Wars, Dumb Wars, And Permanent War


The great and wonderful thing about being a neoconservative is not just that you never have to come to terms with your mistakes – because you are never, ever wrong – but you can also write the same column again and again across decades and Washington will still find you a deep and meaningful thinker. You know the two-step by now: plug in any foreign crisis, call it the 1930s, campaign for war, and pick up your welfare check from a think tank.

Here’s Bob Kagan, as noted by Peter Beinart, on the rise of ISIS among the Sunnis in Iraq after the war Kagan championed and has never apologized for:

The Obama Administration’s current policy invites Islamist adventurism abroad and repression at home. At the beginning of this bloody century, we all should have learned that appeasement, even when disguised as engagement, doesn’t work.

Actually, those sentences were slightly adapted from a column Kagan wrote in 1998, when he and Bill Kristol were itching for a fight with China (which was as good as they could get at the time, before al Qaeda came along). They didn’t get their Cold War then, but after 9/11, they sure hit the jackpot. Their conclusion from those futile, costly catastrophes? Let’s have another one – to deal with the fateful consequences of the first.

But really: Chamberlain again? 1931? Are they that lazy? Yes they are! But how does someone in 2014 actually write the following?

Until recent events, at least, a majority of Americans (and of the American political and intellectual classes) seem to have come close to concluding not only that war is horrible but also that it is ineffective in our modern, globalized world.

Gee, Bob, why on earth would any American conclude that war is ineffective these days? Maybe it’s because we tried it for a decade in Iraq and made things far worse than they were in the first place. Maybe it’s because the longest ever American war in Afghanistan seems destined for the exact same conclusion. Maybe because we’ve seen its horrors in the memories of so many whom we have lost and the faces of so many more trying to overcome the trauma – physical and emotional – of the horror in Iraq he and I urged upon the country so eagerly.

Beinart sketches the extraordinary number of wars, air-strikes, drone-strikes and the like that have already gone on under this administration:

Near the end of his first year in office, President Obama sent 30,000 additional troops to Afghanistan. That same year, he began an expansion of America’s drone program that would lead him to authorize eight times as many strikes (so far) as George W. Bush did. In 2011, the Obama administration helped militarily depose Muammar al-Qaddafi. Over the last month, it has launched 130 airstrikes in Iraq, with more almost certainly to come, perhaps in Syria as well.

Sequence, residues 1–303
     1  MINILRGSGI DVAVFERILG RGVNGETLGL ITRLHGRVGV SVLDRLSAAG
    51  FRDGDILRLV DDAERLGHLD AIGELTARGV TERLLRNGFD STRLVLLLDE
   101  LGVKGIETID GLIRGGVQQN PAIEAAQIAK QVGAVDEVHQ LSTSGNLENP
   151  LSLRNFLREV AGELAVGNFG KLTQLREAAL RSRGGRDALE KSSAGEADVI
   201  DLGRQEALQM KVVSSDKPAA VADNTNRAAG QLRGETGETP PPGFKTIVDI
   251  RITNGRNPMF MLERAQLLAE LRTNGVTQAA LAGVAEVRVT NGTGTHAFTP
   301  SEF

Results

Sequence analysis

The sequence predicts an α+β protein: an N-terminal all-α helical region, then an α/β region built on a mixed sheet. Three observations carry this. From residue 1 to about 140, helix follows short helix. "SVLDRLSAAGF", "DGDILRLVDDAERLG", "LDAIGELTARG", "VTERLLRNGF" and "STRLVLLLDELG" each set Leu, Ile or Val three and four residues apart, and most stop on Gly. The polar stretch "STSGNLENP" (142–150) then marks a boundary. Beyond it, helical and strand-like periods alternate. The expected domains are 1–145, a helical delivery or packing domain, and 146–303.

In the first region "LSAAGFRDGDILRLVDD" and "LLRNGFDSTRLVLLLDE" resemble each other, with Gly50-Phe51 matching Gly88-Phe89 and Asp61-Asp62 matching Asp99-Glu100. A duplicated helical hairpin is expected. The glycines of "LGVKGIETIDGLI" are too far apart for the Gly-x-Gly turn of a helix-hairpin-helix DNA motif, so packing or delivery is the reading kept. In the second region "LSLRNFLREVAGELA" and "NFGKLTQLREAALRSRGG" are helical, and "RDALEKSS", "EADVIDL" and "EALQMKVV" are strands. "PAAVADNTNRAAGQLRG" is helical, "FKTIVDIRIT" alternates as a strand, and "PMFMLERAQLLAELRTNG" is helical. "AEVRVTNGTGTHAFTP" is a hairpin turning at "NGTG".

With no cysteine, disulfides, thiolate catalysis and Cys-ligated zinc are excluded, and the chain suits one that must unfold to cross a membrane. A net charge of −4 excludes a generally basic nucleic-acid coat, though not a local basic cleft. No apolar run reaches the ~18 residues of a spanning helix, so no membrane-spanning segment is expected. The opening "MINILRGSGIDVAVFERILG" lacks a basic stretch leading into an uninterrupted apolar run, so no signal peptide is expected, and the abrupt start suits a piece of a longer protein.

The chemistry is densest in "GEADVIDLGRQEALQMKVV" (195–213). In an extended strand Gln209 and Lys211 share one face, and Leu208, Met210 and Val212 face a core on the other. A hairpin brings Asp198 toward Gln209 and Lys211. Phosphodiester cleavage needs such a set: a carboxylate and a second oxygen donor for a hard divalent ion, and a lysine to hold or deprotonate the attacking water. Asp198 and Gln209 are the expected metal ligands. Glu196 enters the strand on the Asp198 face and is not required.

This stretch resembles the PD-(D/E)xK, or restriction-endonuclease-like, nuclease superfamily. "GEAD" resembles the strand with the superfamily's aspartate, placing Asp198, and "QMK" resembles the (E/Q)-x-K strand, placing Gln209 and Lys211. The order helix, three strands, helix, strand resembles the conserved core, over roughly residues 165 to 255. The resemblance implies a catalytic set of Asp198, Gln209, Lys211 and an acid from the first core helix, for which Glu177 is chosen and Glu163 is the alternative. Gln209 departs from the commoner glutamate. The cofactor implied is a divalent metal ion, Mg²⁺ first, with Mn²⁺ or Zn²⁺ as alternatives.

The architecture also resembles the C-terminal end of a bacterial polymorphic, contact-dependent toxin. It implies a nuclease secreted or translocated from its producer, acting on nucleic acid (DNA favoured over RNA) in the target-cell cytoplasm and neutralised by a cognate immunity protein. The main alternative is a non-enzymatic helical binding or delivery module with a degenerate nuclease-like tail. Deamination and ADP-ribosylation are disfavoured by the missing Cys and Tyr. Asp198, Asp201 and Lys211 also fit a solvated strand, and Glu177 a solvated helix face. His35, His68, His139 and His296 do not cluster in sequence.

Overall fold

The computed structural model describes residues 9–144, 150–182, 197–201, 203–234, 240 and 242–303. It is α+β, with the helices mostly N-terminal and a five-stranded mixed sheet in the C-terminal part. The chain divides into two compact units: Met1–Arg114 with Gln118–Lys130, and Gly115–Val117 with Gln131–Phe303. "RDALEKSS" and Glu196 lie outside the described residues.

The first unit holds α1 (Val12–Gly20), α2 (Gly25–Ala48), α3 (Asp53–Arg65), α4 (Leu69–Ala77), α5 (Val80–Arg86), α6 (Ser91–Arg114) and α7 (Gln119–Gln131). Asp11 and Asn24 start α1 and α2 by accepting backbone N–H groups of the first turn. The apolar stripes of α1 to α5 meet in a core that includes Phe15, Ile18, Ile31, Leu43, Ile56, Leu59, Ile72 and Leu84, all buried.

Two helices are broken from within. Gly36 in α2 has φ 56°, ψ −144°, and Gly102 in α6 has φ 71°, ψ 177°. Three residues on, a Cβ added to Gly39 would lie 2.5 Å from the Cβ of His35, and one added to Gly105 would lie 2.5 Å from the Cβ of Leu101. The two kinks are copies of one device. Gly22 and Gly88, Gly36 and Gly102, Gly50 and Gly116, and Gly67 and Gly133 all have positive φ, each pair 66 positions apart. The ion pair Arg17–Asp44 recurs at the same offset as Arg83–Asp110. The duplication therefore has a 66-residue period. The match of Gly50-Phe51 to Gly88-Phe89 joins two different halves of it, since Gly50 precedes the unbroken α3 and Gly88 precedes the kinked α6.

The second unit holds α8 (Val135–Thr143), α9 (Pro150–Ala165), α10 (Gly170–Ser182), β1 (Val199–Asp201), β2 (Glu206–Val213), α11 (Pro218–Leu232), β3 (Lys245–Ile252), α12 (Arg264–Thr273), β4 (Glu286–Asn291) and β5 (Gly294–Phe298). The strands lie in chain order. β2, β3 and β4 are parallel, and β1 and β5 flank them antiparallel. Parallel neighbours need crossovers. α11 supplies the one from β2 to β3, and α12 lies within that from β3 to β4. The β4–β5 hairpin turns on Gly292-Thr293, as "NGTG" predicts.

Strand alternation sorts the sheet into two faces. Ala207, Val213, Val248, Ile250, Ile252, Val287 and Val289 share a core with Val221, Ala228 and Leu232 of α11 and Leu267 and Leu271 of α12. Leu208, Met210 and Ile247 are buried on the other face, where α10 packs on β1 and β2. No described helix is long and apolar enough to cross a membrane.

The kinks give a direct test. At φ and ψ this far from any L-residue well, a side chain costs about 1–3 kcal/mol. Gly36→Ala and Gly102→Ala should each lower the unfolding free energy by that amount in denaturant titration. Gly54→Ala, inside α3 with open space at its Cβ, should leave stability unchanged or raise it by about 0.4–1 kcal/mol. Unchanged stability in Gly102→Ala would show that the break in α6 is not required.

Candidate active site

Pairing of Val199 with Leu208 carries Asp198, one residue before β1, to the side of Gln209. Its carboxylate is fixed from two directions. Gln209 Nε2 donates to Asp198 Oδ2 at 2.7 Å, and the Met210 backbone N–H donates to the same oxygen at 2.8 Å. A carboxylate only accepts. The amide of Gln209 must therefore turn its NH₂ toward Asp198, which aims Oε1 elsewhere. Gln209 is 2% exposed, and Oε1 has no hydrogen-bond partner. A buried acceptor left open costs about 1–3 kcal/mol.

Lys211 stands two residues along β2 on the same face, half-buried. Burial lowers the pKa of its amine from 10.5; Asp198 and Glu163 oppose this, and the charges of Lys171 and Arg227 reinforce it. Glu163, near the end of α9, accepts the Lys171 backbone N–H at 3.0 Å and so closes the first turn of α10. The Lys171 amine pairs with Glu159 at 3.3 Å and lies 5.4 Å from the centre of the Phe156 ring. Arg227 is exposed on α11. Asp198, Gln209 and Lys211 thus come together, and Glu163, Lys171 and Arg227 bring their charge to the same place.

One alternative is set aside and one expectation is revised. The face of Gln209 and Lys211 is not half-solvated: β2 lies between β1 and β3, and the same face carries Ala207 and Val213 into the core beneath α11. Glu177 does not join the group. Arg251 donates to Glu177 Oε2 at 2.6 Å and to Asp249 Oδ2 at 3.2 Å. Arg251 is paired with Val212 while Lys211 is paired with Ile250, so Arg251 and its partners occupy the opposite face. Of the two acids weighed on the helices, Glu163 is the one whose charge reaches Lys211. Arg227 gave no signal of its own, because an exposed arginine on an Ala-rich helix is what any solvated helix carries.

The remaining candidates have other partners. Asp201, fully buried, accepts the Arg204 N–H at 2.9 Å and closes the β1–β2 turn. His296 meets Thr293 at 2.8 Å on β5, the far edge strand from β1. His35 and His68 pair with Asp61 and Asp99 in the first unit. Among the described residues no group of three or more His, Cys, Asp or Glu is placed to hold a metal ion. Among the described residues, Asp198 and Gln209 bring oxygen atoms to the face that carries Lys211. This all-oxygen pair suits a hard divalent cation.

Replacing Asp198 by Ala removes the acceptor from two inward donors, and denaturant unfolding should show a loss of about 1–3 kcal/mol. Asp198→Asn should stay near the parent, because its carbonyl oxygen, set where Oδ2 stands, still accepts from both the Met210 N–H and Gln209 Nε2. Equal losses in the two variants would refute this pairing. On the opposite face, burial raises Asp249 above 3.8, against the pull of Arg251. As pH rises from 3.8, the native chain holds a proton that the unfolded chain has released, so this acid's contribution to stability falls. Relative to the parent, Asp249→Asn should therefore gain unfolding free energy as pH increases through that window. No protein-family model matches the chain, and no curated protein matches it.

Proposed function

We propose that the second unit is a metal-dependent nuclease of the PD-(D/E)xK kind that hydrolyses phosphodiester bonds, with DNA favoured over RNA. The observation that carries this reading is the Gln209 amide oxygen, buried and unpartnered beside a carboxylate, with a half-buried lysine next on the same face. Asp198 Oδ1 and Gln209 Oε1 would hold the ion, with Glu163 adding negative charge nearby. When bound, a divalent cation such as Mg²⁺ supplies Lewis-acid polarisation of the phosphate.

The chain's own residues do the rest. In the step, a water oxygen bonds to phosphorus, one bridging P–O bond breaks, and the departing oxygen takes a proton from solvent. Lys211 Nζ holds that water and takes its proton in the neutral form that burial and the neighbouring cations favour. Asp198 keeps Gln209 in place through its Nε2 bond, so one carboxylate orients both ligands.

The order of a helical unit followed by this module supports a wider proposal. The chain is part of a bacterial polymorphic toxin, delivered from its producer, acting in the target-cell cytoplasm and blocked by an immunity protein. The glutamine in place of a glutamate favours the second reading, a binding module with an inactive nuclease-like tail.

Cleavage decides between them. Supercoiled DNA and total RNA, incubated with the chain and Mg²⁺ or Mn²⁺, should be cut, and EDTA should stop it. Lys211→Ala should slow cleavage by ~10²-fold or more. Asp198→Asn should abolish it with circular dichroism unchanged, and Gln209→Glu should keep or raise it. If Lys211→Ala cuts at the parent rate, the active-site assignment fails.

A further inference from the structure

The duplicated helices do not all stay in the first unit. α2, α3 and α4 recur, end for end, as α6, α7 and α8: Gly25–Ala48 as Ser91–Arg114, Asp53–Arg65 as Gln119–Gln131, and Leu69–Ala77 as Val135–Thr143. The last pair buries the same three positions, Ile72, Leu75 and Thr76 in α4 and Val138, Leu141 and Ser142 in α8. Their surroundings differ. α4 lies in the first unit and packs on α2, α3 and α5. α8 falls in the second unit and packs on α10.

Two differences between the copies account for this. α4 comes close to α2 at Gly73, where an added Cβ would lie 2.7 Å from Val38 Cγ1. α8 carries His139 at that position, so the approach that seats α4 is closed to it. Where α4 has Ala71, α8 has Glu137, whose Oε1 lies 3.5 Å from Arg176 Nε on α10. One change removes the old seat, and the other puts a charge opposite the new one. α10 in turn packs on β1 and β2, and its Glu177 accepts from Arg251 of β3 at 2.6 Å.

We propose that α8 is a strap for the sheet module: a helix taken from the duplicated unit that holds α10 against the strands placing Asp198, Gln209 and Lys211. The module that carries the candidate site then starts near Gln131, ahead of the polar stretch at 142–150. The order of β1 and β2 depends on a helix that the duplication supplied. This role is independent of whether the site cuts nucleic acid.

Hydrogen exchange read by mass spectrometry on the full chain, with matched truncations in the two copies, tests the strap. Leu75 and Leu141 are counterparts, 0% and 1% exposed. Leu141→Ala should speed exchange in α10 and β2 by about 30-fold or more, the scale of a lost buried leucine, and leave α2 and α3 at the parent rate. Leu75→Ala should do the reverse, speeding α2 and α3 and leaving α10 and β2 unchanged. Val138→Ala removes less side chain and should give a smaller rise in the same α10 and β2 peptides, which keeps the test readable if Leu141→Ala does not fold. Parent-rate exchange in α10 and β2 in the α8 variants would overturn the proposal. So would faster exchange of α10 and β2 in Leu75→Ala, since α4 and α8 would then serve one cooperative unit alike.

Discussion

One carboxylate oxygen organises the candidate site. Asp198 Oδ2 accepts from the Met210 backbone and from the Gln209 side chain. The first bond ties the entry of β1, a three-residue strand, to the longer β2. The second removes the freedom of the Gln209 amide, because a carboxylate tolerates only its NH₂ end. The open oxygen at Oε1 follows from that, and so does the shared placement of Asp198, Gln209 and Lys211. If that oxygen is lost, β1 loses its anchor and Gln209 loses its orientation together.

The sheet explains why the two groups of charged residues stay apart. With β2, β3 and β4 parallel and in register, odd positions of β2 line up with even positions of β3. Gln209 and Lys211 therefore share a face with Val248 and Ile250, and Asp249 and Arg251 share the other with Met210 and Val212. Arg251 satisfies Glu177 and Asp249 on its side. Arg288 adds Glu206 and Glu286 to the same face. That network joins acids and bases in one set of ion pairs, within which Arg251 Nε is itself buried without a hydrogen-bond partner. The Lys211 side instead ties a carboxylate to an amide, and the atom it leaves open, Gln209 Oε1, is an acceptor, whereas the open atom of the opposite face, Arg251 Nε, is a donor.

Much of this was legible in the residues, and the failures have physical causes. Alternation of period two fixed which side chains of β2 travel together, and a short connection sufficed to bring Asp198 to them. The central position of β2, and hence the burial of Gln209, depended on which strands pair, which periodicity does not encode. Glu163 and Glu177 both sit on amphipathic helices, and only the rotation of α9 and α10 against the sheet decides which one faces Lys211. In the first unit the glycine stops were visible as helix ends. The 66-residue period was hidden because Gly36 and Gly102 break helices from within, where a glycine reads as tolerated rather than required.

If this is appeasement, what would the alternative look like? A full-scale military confrontation with Russia? Another occupation of Iraq? A war with Iran? Kagan doesn’t say, of course, his silence on this as damning as his silence on Iraq and Afghanistan. To take his absurd analogy at face value, it would require re-invading Germany once again in 1920 – just two years after the First World War.

This is not an argument; it’s a feeling. And the feeling is fear directed outward with violence and aggression. It comes perilously close to seeing perpetual war almost as an end in itself, an instrument to maintain and expand global hegemony, even after it has bitten us again and again in the ass. It sees only good motives – not unintended consequences. And you see in it a constant rhetorical drumbeat that anything other than permanent war is somehow weakness, rather than strength.

We can do better. We can learn from our mistakes – rather than simply ignoring them. We can defend ourselves without invading other countries with land armies, without occupying places we do not understand and cannot control, and without creating new enemies every time we launch a drone strike or threaten another war. This is not appeasement. It is prudent self-defense, moral self-defense, American self-defense – and a foreign policy insulated from fear and panic and hysteria and self-doubt. The fight for this is not over. In some ways, especially as we face the prospect of a future president Clinton or another Republican schooled in neocon cant, it may just be beginning.

(Photo: Iraqi Shiite tribesmen brandish their weapons as they gather to show their willingness to join Iraqi security forces in the fight against Jihadist militants who have taken over several northern Iraqi cities, on June 17 2014, in the southern Shiite Muslim shrine city of Najaf. By Haidar Hamdani/AFP/Getty Images)